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The Perils of Working from Passion


Do you ever get so excited by a project that you can’t wait to work on it? You bounce out of bed with a sense of  purpose, alive with multiple possibilities for the future racing through your mind.

How great is that? Isn’t working from a sense of purpose something everyone wants?

But then you hit a roadblock, the project stalls, you have to find more money or…???

Your passion starts monkeying with your clarity, and:

  • Your belief in how great the project could be makes it hard to let things be “good enough.”
  • You keep wanting to figure out “one more thing” before you get going.
  • You feel caught like a deer in the headlights, facing too many choices and  incomplete information.
  • You don’t want to act prematurely and put the project at risk – until you feel more certain.


  • You decide to forcefully push ahead without working through the details, to “make it happen.”

This week, I discovered that in addition to the passion, purpose and sense of possibility I had for a favorite project, I needed to find some balancing values in order to keep things marching forward. 

That’s why, this week, I went over to “the dark side” (read: my weaker side) of detachment, objectivity, and analytic rationality.

Passion and detachment: they’re BOTH needed.

Now, you may be a master of the art of working with objectivity (ok, it’s not so dark) and your challenge may be to pump up your passion and enliven your projects with more personal feeling and energy so you can engage people more. (Call me! I know how to help.)

pink-computer-768x512But as a feeler, to be able to move into action on my project, I needed to change my approach.

Instead of listening to my heart, it was time to listen to the numbers.

My challenge was creating a budget for a key project. Our client, who’d underwritten our planning process, needed us to produce a “fixed price bid” for the remainder of the project.

She announced, “I need the numbers NOW.”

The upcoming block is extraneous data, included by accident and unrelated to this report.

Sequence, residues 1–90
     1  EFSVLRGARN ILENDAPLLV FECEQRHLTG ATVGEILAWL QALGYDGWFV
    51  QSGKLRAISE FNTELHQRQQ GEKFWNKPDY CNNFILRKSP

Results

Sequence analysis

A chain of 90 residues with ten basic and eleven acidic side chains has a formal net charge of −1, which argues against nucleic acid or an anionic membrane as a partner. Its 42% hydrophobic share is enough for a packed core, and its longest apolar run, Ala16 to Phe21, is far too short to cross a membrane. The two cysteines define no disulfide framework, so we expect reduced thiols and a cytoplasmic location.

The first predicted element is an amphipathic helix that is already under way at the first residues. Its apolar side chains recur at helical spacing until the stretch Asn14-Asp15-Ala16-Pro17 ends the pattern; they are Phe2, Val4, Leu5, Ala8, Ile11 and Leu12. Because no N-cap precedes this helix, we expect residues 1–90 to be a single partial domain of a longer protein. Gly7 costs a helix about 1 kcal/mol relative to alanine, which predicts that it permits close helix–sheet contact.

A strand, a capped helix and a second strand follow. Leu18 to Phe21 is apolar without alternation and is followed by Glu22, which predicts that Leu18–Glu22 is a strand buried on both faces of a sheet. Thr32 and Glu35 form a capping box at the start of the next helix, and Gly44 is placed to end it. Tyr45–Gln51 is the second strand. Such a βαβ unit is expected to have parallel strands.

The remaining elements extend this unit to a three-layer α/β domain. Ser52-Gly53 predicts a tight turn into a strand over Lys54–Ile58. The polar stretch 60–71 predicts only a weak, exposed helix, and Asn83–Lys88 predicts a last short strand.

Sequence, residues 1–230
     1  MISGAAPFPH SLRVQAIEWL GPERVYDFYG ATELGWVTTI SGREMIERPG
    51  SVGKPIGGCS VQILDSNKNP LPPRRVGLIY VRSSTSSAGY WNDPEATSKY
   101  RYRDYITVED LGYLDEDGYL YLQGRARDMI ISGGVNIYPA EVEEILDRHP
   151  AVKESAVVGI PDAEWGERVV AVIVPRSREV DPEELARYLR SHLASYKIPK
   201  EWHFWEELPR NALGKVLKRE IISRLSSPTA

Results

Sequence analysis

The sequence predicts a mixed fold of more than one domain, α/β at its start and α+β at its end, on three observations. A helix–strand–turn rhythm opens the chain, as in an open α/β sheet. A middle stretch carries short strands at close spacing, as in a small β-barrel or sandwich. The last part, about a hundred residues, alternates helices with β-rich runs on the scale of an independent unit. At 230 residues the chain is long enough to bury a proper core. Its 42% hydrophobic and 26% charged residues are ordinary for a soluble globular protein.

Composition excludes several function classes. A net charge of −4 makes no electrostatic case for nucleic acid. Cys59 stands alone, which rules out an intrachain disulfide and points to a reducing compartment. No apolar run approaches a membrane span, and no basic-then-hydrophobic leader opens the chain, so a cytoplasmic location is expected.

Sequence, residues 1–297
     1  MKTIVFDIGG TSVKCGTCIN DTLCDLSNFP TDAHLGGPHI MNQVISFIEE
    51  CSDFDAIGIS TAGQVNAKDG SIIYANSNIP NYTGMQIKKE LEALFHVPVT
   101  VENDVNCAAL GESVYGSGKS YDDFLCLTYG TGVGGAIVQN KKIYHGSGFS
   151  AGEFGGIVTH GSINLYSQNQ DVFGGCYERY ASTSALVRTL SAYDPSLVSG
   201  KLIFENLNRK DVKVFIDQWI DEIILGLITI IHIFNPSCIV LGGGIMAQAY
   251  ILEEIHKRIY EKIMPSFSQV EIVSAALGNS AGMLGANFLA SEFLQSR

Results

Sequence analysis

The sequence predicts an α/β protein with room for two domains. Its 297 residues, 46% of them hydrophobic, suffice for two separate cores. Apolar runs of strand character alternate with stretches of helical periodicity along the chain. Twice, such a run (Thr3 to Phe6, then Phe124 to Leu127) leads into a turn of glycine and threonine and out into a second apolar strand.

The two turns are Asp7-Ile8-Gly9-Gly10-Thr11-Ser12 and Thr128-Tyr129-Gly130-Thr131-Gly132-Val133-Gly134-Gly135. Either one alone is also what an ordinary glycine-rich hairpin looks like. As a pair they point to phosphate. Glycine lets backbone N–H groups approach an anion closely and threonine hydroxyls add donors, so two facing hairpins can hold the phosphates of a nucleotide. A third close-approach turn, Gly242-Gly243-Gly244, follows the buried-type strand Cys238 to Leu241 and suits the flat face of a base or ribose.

I gagged. My stomach lurched into a knot, my head into a tailspin. We still lacked information, with key questions sitting on the table, unanswered by the client. How could we commit to a budget with so many uncertainties ahead?

Businesswoman is searching for ideas with bright light bulb and arrows to represent mind map

Time to invoke my rational super-powers, pull up the spreadsheet, and become more objective and detached. I took a few deep breaths. I could do this. I had to. Sure, I didn’t have the answers. But, I could document assumptions and move ahead.

I typed in numbers and studied what I saw. Logic rather than passion was my guide.

I was reasonable.

And then it emerged: a budget. Beautiful, thoughtful, elegant.

Cool objectivity had saved the day.

I sent the budget off – setting aside my concerns about whether the client would “like me” after she saw what I feared were numbers that might exceed her resources. My numbers were fair. I knew we’d be negotiating so I chanted the mantra:

“It’s not personal.”

If you find yourself trapped in your own passionate feelings about a project, here’s what I learned:

  • Keep breathing
  • Stay present: no stalling/no jumping ahead.
  • Stay interested in the details of what you’re producing.
  • Find the artistry in the practical thing you are building, e.g. a budget.
  • Realize that just because you are personally passionate about your project doesn’t mean that you have to take everything personally.
  • Enjoy what you get – and take time to celebrate the little breakthroughs (like sending in a budget!)

Although this approach may not lead to everything you want, I guarantee it’ll keep things moving forward! 

The cool thing is that my project is going to happen (give or take a few budget changes), and I’ll help an organization capture its legacy and shape its future by capturing its stories. Which is something I’m really passionate about!!!

3 Responses

  1. Thanks for your great suggestions, Sally. It’s so easy to feel overwhelmed or to ‘freeze’ in those moments. I’ll remember your ideas next time I find myself there!

    1. Thanks Carolyn, So Nice to hear from you and glad that you can continue to see the progress forward in what you are doing – no matter what the journey looks like. My best, Sally

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